Luckily for us, they also offer a Recipe blog where you can delve further into the exciting world of Dutch cuisine beyond the Gouda. 

Dutch Chivito with Bitterballen/Kroketten 
Chivito, the Uruguayan national dish, appears a simple sandwich at first glance but is so much more! The dish was invented accidentally in a 1950's Punta del Este tourist restaurant for a woman who asked to eat chivito (goat in Spanish) and was served this sandwich instead by a kitchen that had apparently seen a run on baby goat. Typically prepared with think slices of churrasco and ham or bacon, our Dutch spin puts Kroketten in the mix for the beef.
Essentially the same as Bitterballen, a Kroket comes in a oblong shape rather than the traditional round ball. They are often served at cocktail parties or as a snack with a pre-dinner drink. Seldom made at home, Kroketten (the Dutch spin on the French croquette), are a typical bar snack, served alongside french fries like a Dutch Fish and Chips.
Mustard is entrenched in Dutch heritage and they take great pride in flavorful, artisan mustards made with whole mustard seed. Simply put, the yellow squeeze bottle will not cut it here.
Photo: Niclas on Picasa
Prepare the Kroketten:
½ lb ground beef
1 small onion, chopped
1 bay leaf
2 eggs, separated
2 T butter 
3 T flour
1 tsp lemon juice
Bread crumbs
Simmer meat with salt, onion, and bay leaf in 1 ½ cups of water until meat is well done ~1 hour. Drain off the liquid and bring to a simmer in a saucepan. Add butter and then flour, cooking until thickened. Remove from heat, add lemon juice and season with salt, pepper and a pinch of curry powder. Beat the yolks and add to the stock mixture. Pour over the meat. Chill until firm ~2 hours. Form into oblong meatballs, roll in bread crumbs, dip in whisked egg white and then fry in hot oil. Serve with Dutch mustard.
Assemble the Dutch Chivito:
Lightly coat two pieces of bread with Dutch mustard. Top with fresh mozzarella and toast slightly to melt. Add a few slices of thickly cut, freshly fried ham and then the freshly fried Kroketten. Top with a fried egg, and lettuce and tomato if you like. The key word here is really fried.

HEY! We've seen that cuisine before! Cook the foods of today's competing countries using other recipes: try our Slovak/Chilean take on the Dutch Uitsmijter breakfast or try our Danish, 'Burning Love,' take on the traditional Dutch Stamppot.  The taste of Uruguay first grazed our World Cup Food palletes during the second game of the Cup as they won against France and won us over with an incredible Dulce de Leche Crème Brulée and came to pair, coincidentally once again with French flavors during our Latino conquest of duck confit with confit ravioli.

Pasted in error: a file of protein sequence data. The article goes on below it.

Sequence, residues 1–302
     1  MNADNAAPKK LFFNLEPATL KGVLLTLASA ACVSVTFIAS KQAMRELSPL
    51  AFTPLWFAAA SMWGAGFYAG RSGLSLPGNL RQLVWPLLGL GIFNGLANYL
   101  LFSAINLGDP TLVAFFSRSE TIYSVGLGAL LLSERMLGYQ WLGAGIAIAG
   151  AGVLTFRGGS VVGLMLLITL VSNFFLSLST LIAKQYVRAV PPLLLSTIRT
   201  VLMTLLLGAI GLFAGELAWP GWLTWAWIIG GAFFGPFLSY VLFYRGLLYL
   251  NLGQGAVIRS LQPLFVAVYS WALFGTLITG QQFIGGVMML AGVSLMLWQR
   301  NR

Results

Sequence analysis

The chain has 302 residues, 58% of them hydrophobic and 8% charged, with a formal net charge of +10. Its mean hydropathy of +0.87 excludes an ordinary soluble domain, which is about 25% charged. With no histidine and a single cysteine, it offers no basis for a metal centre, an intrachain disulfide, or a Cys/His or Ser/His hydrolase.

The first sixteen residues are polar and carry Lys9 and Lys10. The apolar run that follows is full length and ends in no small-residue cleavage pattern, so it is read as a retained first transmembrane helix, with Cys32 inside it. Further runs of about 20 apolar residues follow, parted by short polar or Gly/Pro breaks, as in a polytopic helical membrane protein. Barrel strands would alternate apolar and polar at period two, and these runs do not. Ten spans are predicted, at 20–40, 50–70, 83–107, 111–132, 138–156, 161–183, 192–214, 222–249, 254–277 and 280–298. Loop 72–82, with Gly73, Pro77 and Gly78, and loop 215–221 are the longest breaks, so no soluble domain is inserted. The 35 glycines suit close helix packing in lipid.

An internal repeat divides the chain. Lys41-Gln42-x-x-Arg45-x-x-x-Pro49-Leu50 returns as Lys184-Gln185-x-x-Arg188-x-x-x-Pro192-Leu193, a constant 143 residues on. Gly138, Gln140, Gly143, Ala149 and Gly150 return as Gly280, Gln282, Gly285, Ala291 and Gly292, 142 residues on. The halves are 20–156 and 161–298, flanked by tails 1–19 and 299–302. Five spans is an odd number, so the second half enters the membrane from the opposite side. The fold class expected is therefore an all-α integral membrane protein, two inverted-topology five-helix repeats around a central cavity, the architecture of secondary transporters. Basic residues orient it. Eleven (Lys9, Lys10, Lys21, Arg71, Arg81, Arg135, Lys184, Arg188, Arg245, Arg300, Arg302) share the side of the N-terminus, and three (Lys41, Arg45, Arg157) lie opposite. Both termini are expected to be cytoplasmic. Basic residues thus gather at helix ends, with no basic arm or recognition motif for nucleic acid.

Prefer to eat out instead? Our Dining Guide tells you where and why.

7/2-3: Quarter Finals Feast

As we move into the final round, we're changing things up a bit and preparing pan-country feast to celebrate each final. You can choose which game to prepare the entire feast for, or just munch on a single dish for each game. We plan on celebrating a Spanish win by cooking up the entire array of dishes on Saturday.
Our theme for the Quarter Finals Feast? Street Food!
The Netherlands v Brazil
All that cycling and harsh weather make for a hungry people, who snack all day and still find the stomach for a hearty dinner. Often overlooked on the culinary scene, the cosmopolitan city of Amsterdam offers a diverse array of street food from the Indonesian stalls to the ubiquitous pancake houses. The Dutch are passionate about their french fries and a heaping cone of frites can be purchased on nearly every street corner. Vleminckx is renowned for frying up the best selection, serving them with onions, frietsaus (essentially mayonnaise) or a peanut sauce called "oorlog," which is Dutch for war - see, I told you they were serious about their fries! Our version serves them alongside an exotic Brazilian hot sauce. 

Brazilian street vendors offer all the usual hot dogs and hamburgers alongside regional specialties such as Pão de queijo (similar to the Paraguayan Chipa), salgadinhos (savory pastries), Iced Mate and queijo coalho grilled cheese kababs in Rio, and acarajé (black eyed pea fritters) and cocada (coconut candies) in Bahia. Whatever you buy, if it is savory, it is sure to come with Molho de Malagueta hot sauce. Known as "grains of paradise," malagueta peppers were one of the original exotic spices that lead Portuguese explorers to discover Brazil. A close relative of the serrano, these peppers are dangerously spicy. If you can't find the peppers, you can order the sauce from Rio's of Austin
Molho de Malagueta
1/4 cup palm oil
1 C vinegar
1 small yellow onion, chopped
7 malagueta peppers
1 tsp. fresh ginger, grated
1 tsp. salt
Heat the oil over low heat in a small skillet. Add the onion and sautee until it's translucent, about 5 minutes. Add the peppers, stir and cook until they are very mushy, about 15 minutes. Add the ginger and cook for another minute. Add the salt and stir.